Since June 17, many people have taken the decision to return 'voluntarily' to Haiti. This includes many families that lived in the Dominican Republic for years. Some have told us that armed civilians had entered their homes to chase them out. That's possible, since there are ultranationalist groups in the Dominican Republic that occasionally organise anti-Haitian demonstrations [Editor's note: On February 11, a young Haitian was found hanging from a tree a few hours after an anti-Haitian protest had taken place in Santiago].

Others say that their bosses – who had no desire to be seen employing undocumented workers – pressured them to leave. Others are leaving the country simply because they've seen other people fleeing. Many are scared of being forcibly deported, because they know that they could end up losing all of their belongings or be separated from their families. So they prefer leaving themselves. Their future in the Dominican Republic is too uncertain.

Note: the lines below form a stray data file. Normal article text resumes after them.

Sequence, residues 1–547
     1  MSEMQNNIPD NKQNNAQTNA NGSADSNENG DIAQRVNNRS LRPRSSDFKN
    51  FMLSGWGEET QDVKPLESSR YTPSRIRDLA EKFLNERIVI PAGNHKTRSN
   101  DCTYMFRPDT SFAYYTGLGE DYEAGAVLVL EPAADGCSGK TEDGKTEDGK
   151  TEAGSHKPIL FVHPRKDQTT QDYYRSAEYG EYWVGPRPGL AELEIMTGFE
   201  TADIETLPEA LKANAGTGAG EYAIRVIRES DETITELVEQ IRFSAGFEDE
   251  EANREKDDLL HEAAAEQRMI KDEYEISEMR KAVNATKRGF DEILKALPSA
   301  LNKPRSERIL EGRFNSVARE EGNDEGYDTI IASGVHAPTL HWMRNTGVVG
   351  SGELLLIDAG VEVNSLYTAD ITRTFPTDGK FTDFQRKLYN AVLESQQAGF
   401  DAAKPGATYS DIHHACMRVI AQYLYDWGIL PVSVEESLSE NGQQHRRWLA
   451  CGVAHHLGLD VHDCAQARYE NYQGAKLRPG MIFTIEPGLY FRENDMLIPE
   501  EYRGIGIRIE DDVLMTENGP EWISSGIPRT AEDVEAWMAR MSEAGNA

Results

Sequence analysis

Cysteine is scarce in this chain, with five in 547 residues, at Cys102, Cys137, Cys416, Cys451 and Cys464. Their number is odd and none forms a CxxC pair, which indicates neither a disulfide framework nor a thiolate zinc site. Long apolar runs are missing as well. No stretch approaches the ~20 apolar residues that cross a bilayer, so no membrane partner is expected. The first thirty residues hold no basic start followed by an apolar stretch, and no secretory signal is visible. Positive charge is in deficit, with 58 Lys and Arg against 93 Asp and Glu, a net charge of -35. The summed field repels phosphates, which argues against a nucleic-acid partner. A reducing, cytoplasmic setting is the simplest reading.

GARR hasn't seen any evidence of mass deportations since June 17. Since the deadline passed there have indeed been people who have been forcibly removed from the country, but no more than before. [Editor's note: According to RFI, dozens of people have been left by the army at the Haitian border every day since the deadline passed, although the authorities say that they still haven't begun forced expulsions].

"Haiti still hasn't got any infrastructure in place to welcome these new arrivals"

People tend to reach the border either by bus - for those who can afford it - or on foot. For example, on July 6, nine buses all turned up at once at the same border crossing.

The problem is that Haiti still hasn't got any infrastructure in place to welcome these new arrivals. As a result, right now only three NGOs are able to help them: GARR, Haiti's Jesuit Refugee Service and the Jeannot Success Border Network. As for us, we try to give them humanitarian assistance: food, healthcare, counselling, etc. We can also shelter them in our offices, where we've put a few mattresses on the floor, for up to three nights.

Most Haitians go back to their families or the regions from which they originally came. But a minority of them stay near the border, where two or three makeshift camps have sprung up. There are around 600 to 800 people living in one of them, and roughly one hundred people in another.